Coffee "best by" date

Discuss flavors, brew temperatures, blending, and cupping notes.
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#1: Post by Andy »

I know this has been discussed here before, but my attempt to search did not yield any helpful information. Is there a standard (industry standard, government standard, etc.) for the meaning of "best by (date)" as it relates to the roast date? I ask because I was given a pound of roasted coffee with a best-by date of April 2023 and I'd like to have an idea of how old it is. I have emailed the proprietor and I'm awaiting response.

Edit: I just got a message from the roaster. In this case, the best-by date is about 6 months post-roast; October 11-->April 7.

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#2: Post by RTOBarista »

Did you buy at grocery store? There is a long distribution system that take time for the coffee to reach the store after roasting. You should buy coffee from some of the local or even nationwide coffee specialty place. They will give a roast date and when it will be ready to brew.

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Andy (original poster)

#3: Post by Andy (original poster) »

I don't know where it was bought. It was a gift.

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#4: Post by HB »

There's no standard that I'm aware of. Some roasters will have a coded roast date on the bag. I've seen anywhere from 90 days to 1 year.
Dan Kehn

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Randy G.

#5: Post by Randy G. »

"Best by.." means nothing in terms of quality. It is the roaster's or seller's opinion. The coffee could have been six months old when it was packaged. Only "roasted on" has any real value in terms of useful information.
* 22nd Anniversary 2000-2022 *

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#6: Post by spressomon »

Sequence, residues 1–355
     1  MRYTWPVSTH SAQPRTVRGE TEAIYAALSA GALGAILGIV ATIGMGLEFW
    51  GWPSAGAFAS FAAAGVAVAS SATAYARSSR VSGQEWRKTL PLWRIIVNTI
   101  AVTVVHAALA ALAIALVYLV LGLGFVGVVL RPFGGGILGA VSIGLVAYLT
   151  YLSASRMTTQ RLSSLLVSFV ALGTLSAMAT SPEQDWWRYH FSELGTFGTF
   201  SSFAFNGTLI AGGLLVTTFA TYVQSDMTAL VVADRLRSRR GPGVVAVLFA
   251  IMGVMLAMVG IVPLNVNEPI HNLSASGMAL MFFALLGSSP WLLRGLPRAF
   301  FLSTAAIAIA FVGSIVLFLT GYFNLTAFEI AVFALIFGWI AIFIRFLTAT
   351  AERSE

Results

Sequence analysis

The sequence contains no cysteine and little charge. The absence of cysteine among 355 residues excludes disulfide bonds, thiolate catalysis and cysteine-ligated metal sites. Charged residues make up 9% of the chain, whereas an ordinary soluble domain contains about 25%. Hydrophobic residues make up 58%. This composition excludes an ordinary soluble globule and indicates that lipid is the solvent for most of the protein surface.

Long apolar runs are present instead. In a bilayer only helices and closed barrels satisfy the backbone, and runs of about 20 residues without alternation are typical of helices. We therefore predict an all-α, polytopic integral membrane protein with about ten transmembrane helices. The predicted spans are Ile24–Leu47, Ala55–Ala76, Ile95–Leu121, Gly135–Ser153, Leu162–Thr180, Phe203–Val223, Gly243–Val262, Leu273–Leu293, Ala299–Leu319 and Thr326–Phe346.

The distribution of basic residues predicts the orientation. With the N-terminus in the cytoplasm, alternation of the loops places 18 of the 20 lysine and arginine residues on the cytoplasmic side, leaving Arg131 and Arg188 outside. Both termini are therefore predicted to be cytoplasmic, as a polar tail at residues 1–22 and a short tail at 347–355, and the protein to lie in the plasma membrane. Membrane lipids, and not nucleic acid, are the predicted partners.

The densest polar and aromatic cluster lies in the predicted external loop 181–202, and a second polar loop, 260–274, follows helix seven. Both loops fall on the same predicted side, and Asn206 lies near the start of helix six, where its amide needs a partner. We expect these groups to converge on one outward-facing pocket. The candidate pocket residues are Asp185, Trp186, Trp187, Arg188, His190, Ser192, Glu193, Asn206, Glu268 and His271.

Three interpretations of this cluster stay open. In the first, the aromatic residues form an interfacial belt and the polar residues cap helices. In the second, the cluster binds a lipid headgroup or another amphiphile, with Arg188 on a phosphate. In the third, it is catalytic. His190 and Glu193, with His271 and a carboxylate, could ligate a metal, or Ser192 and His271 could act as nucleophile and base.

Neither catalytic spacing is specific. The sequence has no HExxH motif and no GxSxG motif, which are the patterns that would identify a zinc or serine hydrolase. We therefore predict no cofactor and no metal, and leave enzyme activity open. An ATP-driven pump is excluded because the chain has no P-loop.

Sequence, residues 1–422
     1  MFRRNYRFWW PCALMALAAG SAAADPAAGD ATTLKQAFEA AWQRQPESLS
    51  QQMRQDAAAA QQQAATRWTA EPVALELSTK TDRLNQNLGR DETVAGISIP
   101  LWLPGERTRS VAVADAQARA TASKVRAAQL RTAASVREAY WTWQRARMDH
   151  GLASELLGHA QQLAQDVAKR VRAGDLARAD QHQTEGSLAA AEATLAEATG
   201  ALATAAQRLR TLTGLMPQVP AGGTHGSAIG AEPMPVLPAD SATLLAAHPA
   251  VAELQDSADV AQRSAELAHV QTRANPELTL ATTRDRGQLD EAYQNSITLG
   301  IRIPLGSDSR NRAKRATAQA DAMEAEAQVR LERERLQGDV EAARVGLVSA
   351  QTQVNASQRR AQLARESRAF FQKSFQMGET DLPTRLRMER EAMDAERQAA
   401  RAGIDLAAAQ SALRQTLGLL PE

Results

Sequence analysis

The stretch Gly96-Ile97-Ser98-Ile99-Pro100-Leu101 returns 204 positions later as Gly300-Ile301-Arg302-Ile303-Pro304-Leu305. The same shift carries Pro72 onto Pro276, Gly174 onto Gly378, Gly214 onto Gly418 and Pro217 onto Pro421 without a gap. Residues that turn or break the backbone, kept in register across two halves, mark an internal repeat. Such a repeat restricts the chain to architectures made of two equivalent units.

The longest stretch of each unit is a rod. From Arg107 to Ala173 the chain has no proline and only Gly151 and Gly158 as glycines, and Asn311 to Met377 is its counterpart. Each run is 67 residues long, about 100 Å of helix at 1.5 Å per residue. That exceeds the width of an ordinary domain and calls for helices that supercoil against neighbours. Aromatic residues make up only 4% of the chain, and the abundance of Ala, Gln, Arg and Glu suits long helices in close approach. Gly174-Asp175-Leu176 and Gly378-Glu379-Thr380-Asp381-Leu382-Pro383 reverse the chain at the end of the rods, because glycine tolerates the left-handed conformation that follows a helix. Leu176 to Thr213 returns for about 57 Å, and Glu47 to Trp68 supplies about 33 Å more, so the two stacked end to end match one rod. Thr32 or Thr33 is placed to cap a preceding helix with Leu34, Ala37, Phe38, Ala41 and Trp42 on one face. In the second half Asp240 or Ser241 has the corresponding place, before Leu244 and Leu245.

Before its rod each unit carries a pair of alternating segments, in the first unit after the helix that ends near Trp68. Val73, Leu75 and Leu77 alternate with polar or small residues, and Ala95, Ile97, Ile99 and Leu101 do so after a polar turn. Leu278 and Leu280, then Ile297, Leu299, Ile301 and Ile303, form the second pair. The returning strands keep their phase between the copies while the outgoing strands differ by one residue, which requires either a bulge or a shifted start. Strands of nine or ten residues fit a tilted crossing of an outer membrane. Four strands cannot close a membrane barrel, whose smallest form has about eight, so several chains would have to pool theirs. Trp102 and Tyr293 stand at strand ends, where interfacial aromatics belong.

A 'good by date' is simply 'smoke & mirrors' practice of deception by the roaster in an attempt to sell a majority of its beans. Period.

Instead of being in the perishable food business, those roasters should re-aim their business to non-perishable goods such as iron/copper pipe, electrical wiring, etc.; products that literally have an unlimited shelf life.

But, most of the roaster examples I have seen that use 'good by date' that is 6+ months out from the actual roast date (which they don't want the consumer to know...), is yet another example of the industrial food commodity business. Not unlike grain flours, etc.

Thankfully, there is a resurgence of artisans deploying better business practices based upon quality of the product, not only in coffee beans but ancient/heirloom grains, etc.
No Espresso = Depresso

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#7: Post by cafeIKE »

Andy wrote:I don't know where it was bought. It was a gift.
Gifted coffee is DTB: Direct to Bin

Coffee Rule of 15's:
  • Green coffee is good for 15 months
  • Roast coffee is good for 15 days
  • Ground coffee is good for 15 minutes
Green and Roast life can be extended by hermetically sealed freezing.

chanty 77

#8: Post by chanty 77 replying to cafeIKE »

As far as the roast coffee good for 15 days, just curious---do you think that is the same for all roasts? I have found that before I started freezing I would have two 12oz. bags. I would keep them in a dark cupboard, and open the first bag at anywhere from 7-8 days post roast. That would typically last me 9 days (give or take a day). I would then open the second bag at say 15-16 days post roast which would last til it was about 23-24 days post roast. That second bag for the most part was still great. My nose and tastebuds are very judgmental (lol).

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#9: Post by cafeIKE »

All rules are made to be broken. LIghter roasts probably extend the time 2x in some cases.

New coffee arrivals sit on the counter until optimum and are then parceled and frozen. Few ever reach 15 days, but occasionally.

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#10: Post by spressomon »

Yes, I find post roast best flavor is bean and roast dependent. Typical range for the roasted beans I enjoy go from 5-days to 20-days.
No Espresso = Depresso